Eventually it was coming down to either the M&M’s (but which ones—chocolate or peanut?) or the Skittles (again—red or blue?).  “I could buy the Skittles and just tell him they were M&M’s,” she said speculatively.  “You could,” I agreed.  She debated with herself.  For a long time.  Finally I decided to try out a little test that I heard about from a presentation by the social psychologist Sheena Iyengar on TED.  Iyengar is a very prominent research in the field of decision science, and her book, The Art of Choosing, deals with how complicated and sometimes self-defeating choice is.  She’s also blind, which gives her work a very interesting perspective.  She looks at how lack of choice can be very damaging, but the burden of excessive choice can be as well.  “Okay,” I said, “How about if I just tell you what to get.  If you agree, then you’re done.  If you don’t agree, then you’re done too, because you know you really want the other thing.”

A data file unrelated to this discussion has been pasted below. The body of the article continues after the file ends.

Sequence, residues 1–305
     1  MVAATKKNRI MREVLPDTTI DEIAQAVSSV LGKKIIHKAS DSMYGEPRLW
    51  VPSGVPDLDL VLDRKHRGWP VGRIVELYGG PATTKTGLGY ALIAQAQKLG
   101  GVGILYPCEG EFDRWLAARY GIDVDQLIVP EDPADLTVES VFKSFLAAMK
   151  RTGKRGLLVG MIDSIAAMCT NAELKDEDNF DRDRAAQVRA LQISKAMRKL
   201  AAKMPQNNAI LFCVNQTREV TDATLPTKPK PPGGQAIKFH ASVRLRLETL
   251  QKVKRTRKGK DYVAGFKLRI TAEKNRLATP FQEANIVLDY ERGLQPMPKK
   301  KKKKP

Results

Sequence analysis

She eyed me warily for a few seconds, and then said, “No.  I’m going with the Skittles.  The blue ones.”  She handed me her dollar, I handed over her candy and her change, and said, “Congratulations.  That was money well spent.”

As the parents left the game, one of our friends saw me behind the table of candy, next to the microwave and the pizza warmer, and started to laugh.  “This is so you,” she said.  “I wish I had my camera.”  I laughed.  “I just saw Peter (her husband) down the hall on a folding chair reading the New York Times,” I said.  “Yeah, he’s the hall monitor,” she replied.  We both laughed.